Title of the English audiobook next in time, a reading of Boethius.
Right now I’m listening to Le tour du monde en quatre-vingt jours, par Jules Verne. I can’t believe I didn’t hit upon this method of immersion before. What a moron.
Things that were easier than expected about leaving Pearson:
– not swearing. I know I was worried about it slipping out for emphasis or in the heat of conversation, but I’ve either not been excited enough or I’m just self-possessed enough to realize when I’m about to say it and slip in a less offending word of the same ilk. These days, when I use it, it’s around people who say it first, and only sparingly.
– adjusting to Singapore’s heat. I complain incessantly about it, but under cover, it’s really not too bad, and even walking around in the heat has a humid intimacy about it. The pervasiveness of air-conditioning helps, too, of course. The one thing I can’t abide is wearing office wear or anything vaguely non-casual in the searing heat outside. Summer shorts and tanks are all very well, but it’s almost impossible for me to wear pants out. Or anything with sleeves.
– falling asleep alone. being alone, actually. In fact, if anything, I seek out relative solitude. Yesterday at work, I sat in the corner of the expanse of carpeted floor in the art gallery, away from my supervisor in the office and the gallery seater at the counter. I am thankful for small mercies, at least. I hate not being able to fall asleep.
– rejecting the temptations of consumerism. Shops have become mostly white noise for me. Even in restaurants, appreciation of the food is mostly marred an automatic consideration of the cost price of each ingredient required as well as the usually normal techniques involved in assembly. My palate is as yet insufficiently refined to appreciate and hence, to merit gourmet cooking, in any case.
Things that were harder than expected about leaving Pearson:
– nature. If there is one tangible ubiquitous aspect about Pearson/Victoria I miss, it’s the gorgeous landscape stretching out for miles around. Singapore’s concrete complexity saddens me, a little; faced with her architectural posturings, I am at turns bemused, impressed and appalled.
I walked around the Marina Bay Sands area (that’s the trio of tall buildings with the giant ship and the infinity pool perched on top) at the mouth of the Singapore River, the waterfront stadium, the stylized, lit bridge arches, the vibrant light shows. It was awe-inspiring, quite honestly. Downtown Vancouver can never compare. In the mall itself (and MBS may not be as big as Metrotown but it is an order of magnitude grander, I think – LV’s flagship store is on a pod in the water, connected to land by a boardwalk) there was a Venetian canal with rentable gondolas, and a fountain that defies the boundaries of its name (the water floods from a giant glass bowl set in the ceiling, with taps pouring water into a whirlpool that gushes out of an opening set in the centre of the bowl and down into the catchment area). There are bridges with novelty teashops across the canal. There is an open skating rink next to the food court. I am flabbergasted. I really, really am.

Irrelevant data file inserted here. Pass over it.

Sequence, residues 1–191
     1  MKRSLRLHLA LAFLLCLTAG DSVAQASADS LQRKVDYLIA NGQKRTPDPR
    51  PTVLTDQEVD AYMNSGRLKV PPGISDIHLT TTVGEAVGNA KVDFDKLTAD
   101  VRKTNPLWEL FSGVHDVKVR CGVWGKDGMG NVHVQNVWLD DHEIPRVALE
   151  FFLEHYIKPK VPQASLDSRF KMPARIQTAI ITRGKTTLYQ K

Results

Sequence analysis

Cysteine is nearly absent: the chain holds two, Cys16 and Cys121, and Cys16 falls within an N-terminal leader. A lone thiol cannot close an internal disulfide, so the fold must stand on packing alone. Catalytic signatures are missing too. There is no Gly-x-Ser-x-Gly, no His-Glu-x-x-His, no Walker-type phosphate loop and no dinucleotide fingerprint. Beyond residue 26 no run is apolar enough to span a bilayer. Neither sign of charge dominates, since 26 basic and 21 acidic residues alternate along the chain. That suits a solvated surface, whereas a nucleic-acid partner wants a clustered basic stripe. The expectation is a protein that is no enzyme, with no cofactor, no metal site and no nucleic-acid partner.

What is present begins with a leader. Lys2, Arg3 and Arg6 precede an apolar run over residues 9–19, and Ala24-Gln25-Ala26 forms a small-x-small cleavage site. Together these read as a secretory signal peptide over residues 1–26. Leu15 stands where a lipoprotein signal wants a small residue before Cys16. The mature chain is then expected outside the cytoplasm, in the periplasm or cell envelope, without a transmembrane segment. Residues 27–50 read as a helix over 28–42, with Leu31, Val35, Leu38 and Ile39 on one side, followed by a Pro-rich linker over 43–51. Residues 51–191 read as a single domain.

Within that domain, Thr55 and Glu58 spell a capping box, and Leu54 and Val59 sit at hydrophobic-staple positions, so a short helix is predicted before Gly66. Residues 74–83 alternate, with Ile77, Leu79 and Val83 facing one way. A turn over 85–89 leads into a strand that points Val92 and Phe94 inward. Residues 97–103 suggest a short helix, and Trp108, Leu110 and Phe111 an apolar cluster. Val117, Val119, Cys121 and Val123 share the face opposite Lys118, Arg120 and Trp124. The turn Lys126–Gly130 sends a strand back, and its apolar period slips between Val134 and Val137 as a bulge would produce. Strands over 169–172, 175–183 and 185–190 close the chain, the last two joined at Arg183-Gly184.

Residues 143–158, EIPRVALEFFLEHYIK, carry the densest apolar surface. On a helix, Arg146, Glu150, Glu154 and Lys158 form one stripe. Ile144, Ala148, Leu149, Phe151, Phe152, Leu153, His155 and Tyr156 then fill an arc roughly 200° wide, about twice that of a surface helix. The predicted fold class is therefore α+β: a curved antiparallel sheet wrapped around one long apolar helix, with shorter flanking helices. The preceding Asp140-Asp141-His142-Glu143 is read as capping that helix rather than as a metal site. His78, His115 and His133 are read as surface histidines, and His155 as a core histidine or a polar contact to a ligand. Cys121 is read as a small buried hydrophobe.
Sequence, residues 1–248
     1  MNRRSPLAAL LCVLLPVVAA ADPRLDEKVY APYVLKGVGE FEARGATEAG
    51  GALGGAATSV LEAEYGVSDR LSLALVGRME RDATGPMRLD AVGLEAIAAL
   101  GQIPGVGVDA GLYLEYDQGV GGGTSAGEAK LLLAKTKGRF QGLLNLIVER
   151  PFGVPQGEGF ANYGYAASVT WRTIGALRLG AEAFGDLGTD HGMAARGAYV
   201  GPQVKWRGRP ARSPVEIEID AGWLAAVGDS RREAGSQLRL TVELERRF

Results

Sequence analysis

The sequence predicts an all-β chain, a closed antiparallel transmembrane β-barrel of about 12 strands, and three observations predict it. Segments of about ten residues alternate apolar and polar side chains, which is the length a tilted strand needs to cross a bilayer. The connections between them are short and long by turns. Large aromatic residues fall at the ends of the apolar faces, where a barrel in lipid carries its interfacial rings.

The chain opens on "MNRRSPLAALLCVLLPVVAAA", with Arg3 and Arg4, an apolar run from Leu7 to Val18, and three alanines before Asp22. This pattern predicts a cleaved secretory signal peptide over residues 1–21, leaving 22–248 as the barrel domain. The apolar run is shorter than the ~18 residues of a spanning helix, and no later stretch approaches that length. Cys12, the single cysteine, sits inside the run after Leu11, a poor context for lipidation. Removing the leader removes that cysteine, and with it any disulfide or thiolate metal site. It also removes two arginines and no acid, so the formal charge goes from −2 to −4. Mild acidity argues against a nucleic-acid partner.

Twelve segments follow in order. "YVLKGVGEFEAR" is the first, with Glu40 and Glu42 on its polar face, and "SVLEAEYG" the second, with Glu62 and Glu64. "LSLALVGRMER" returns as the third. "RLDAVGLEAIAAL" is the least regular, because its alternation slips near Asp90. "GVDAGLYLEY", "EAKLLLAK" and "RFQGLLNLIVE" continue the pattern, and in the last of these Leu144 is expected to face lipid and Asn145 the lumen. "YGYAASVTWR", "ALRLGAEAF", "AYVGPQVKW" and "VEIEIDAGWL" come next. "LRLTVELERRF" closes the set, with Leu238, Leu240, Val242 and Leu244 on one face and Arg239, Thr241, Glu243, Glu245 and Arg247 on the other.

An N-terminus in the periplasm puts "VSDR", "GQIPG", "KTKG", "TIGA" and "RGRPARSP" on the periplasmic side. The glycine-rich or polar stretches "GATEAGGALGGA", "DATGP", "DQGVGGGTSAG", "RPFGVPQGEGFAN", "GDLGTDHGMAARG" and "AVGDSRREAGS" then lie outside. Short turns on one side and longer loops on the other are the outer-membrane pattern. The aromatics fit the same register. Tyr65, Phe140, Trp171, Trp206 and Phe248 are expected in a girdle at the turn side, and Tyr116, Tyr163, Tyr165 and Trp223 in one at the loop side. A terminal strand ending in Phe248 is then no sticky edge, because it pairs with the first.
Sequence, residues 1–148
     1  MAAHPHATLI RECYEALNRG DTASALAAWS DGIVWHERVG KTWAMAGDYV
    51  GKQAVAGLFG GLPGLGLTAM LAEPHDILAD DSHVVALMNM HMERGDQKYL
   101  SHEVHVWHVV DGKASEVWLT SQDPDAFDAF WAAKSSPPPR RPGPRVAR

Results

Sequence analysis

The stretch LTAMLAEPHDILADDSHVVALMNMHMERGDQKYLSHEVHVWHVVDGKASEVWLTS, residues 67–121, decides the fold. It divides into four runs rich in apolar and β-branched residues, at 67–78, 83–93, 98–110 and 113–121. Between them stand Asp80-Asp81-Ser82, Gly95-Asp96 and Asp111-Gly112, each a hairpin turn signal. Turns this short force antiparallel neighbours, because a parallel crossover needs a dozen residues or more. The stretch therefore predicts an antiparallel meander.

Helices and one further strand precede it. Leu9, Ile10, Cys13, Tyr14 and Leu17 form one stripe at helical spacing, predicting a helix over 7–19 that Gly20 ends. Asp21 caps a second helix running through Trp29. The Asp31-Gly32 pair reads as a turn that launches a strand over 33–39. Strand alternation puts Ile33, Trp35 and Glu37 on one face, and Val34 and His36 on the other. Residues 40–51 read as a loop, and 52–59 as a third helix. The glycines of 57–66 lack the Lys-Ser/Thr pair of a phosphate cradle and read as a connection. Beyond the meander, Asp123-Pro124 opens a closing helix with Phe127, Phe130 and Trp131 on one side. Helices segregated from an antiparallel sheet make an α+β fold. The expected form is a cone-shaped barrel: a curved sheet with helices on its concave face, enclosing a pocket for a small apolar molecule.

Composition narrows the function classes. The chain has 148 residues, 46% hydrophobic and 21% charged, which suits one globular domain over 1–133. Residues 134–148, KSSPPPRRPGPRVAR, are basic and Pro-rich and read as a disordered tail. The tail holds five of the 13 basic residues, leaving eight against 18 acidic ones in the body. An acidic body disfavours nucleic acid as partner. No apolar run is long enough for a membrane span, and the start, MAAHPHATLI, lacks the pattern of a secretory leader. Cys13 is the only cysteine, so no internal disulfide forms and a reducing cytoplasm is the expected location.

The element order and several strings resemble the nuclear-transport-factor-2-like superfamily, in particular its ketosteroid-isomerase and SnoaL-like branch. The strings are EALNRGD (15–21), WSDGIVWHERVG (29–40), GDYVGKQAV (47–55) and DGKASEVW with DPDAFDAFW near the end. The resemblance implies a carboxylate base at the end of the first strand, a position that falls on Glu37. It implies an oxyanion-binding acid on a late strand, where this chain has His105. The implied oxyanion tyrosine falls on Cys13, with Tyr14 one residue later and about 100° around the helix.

But right now I feel no sympathy for these structures, and I see only the opportunity cost, and maybe more greenery would help. And then I think, god, I’ve become one of those people. The tree huggers. There are people running all along the bridges, sweating, and I don’t know how to see that in any light except pretension, as unfair as that is. Singapore is still pretty, to me. Especially in the soft orange light of street lights, the safe, empty streets at night. The neat, geometric structures. But for me it seems impermeable, an untouchable sort of beauty. It is at once horrible and liberating. But mostly – I don’t know.
– the unavoidable ubiquity of different languages. Self-explanatory – it was odd when I overheard a French family at Botanical Gardens last week and it was a familiar sound.
I realize my quarrel with Singlish, even the standardized form most people here adopt, is how inelegant it is. It may all very well be a creole with its own structures and a legitimate grammar, but as long as there is no literature in it, it will always be simplistic and efficient to me, rather than graceful and profound. Then again, as long as there is this attitude towards Singlish, there will never be Singlish literature. At the same time, I grew up reading – devouring – English, and so English, my mongrel accent notwithstanding, will always be my native domain, as much as any other Western native speaker, I dare say. My issue with it is more prosaic than one of elitism, I hope.
– is that all? I have been whining a lot about wanting to leave, about feeling out of place here. Even I shouldn’t take myself that seriously, of course. Two more weeks till D-day! (In this case, D = Decision.)